Few speak at superintendent search hearing

Published 4:10 pm Thursday, February 16, 2017

Only one person attended the Franklin City School Board’s public hearing on desired qualifications for the division’s new superintendent, which resulted in the board voting unanimously to continue the hearing during the regular scheduled meeting on Thursday.

Despite the lack of in-person comments, the board still discussed the results of the paper and online surveys they had created on Feb. 6 and compiled a tentative list of qualifications to send to the Virginia School Board Association.

The single speaker during the public hearing was Howie Soucek, who said that for him, the most important criterion the board should seek in a new superintendent is a proven ability to earn the trust and respect of important public education stakeholders, including classroom teachers, parents and the business community.

“A candidate who lacks actual experience as a school system superintendent but who has verifiably demonstrated a collaborative organizational style and a form of leadership that garners trust and respect will be far superior to a candidate with all the usual impressive, traditional ‘credentials’ but who lacks the above criterion.

“We have been troubled long enough by a series of highly-credentialed individuals in this vital position — individuals who came on strong with impressive talk, demeanor and a good show at the start, but who later settle into a command-and-control style of management, which silences and isolates teachers, and offers only lip-service to meaningful information shared with, as well as involvement from, the community.”

A total of 88 people responded to the print and online surveys, 68 of which used the comments section to voice their opinions on the board’s superintendent search. Of these, 12 indicated they would prefer someone with a financial background, 12 felt that trust and confidence in that person and community involvement were key priorities, and 11 felt it was very important that the new superintendent be able to attract and retain qualified staff.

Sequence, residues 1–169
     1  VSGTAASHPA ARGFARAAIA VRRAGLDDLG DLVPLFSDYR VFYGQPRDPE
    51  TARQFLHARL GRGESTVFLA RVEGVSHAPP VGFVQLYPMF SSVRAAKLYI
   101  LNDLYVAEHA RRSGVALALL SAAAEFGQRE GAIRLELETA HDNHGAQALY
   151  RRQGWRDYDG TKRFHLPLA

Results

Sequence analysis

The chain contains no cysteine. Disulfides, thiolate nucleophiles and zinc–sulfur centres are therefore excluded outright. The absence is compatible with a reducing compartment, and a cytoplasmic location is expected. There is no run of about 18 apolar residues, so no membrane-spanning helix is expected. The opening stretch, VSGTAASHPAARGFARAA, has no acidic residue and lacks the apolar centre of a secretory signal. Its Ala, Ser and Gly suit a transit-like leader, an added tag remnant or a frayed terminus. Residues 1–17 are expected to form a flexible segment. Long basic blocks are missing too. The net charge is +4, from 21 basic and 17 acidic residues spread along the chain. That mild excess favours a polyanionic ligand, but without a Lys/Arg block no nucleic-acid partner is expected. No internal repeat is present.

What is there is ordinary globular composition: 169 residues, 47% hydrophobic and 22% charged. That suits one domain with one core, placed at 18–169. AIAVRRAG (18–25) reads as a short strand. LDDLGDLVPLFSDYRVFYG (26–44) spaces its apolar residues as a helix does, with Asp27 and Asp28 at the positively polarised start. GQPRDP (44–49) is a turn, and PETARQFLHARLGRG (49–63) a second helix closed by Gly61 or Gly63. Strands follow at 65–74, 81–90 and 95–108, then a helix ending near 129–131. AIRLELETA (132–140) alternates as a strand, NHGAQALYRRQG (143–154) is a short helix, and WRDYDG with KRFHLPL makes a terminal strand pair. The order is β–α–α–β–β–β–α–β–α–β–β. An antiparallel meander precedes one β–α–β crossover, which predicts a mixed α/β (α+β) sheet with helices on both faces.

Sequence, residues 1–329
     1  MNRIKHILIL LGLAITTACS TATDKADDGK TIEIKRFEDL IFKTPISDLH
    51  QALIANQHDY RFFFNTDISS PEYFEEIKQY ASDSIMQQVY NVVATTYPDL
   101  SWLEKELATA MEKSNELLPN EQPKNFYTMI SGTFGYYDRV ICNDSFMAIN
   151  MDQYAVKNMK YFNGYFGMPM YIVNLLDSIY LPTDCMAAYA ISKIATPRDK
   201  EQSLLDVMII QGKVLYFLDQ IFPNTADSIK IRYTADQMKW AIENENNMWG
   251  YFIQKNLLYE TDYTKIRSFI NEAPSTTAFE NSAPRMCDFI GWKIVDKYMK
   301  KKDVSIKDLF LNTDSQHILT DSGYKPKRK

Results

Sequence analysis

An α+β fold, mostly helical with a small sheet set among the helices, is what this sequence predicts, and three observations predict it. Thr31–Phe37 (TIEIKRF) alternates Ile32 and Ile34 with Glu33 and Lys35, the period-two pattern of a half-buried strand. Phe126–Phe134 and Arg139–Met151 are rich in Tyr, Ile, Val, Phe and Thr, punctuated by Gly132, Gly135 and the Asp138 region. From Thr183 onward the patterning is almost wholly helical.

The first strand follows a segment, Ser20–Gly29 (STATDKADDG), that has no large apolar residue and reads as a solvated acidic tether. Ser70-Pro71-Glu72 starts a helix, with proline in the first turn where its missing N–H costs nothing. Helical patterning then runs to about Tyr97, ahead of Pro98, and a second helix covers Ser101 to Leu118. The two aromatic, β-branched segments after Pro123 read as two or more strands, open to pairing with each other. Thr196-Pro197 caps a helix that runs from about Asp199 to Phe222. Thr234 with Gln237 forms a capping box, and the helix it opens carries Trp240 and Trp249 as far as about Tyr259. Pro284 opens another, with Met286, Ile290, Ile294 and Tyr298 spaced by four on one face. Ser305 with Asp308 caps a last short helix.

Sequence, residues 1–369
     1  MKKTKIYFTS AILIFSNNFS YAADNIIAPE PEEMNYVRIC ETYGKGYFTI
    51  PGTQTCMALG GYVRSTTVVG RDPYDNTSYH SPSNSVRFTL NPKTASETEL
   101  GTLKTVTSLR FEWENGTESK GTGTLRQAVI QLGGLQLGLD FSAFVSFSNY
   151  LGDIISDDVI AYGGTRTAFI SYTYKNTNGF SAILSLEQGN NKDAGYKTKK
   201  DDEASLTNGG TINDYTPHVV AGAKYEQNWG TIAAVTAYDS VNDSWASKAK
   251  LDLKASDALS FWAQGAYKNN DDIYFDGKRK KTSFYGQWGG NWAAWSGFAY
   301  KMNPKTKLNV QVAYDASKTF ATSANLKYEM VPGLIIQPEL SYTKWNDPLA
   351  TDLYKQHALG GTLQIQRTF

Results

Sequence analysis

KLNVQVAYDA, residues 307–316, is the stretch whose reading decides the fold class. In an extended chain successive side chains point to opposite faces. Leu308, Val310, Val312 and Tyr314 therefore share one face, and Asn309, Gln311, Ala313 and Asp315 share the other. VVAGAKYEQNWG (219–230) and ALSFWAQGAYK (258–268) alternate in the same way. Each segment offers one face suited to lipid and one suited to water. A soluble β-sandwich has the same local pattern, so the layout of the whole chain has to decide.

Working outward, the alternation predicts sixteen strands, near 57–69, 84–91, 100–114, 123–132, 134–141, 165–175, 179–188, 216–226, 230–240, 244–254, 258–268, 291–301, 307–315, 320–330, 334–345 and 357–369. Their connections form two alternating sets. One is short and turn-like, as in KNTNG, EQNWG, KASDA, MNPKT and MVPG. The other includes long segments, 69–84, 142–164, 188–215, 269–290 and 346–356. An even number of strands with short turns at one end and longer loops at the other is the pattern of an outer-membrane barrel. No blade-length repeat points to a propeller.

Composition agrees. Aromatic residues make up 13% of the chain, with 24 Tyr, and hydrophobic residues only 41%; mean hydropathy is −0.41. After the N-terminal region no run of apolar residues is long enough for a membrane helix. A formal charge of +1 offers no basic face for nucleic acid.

Several responders also indicated they wanted the new superintendent to find ways to give staff raises, and one responder suggested the new superintendent should “weed out the uninspired and mediocre teachers.”

Other criteria that survey results indicated were priorities included having the successful candidate be a visionary, creative thinker and decisive leader (53.6 percent of responders); have a strong writing and speaking ability (46 percent); understand differences between policy and administration, and act accordingly (62 percent); and assume a lead role while keeping the board informed (46 percent.)

The board also discussed what specific experience they should look for in a superintendent, ultimately deciding to list a doctorate, residency in Franklin, teaching experience at public schools in Virginia, and experience as a principal as preferred rather than required.

“There’s a lot of schools looking for superintendents and some of them are much larger and can pay more so you don’t want to limit yourself [with required criteria],” said at-large school board representative Ron Rusnak, adding that if residency was required, a candidate could get around that requirement by renting an apartment in Franklin and still spend less than half his or her time in the city.

“The whole point is community involvement whether or not you live in the city,” said board Chairman Bob Holt.

“You definitely want the superintendent to have a vested interest in the school and in the community,” added Vice Chairwoman Dr. Andrea Hall-Leonard. “And saying we would like to have a superintendent with experience in Virginia helps us with the SOLs (Standards of Learning assessments) and memorandum of understanding, because we still have a corrective action plan.”

Ward two representative Amy Phillips said that she wants someone who wants to be here, rather than someone who was looking to use the position as a stepping stone in his or her career.

The school board will submit its decision on qualifications to the VSBA on Thursday, but will amend them at a later date if they receive substantially different feedback during the continuation of their public hearing at their regular scheduled meeting Thursday at 7 p.m. in the council chambers of city hall.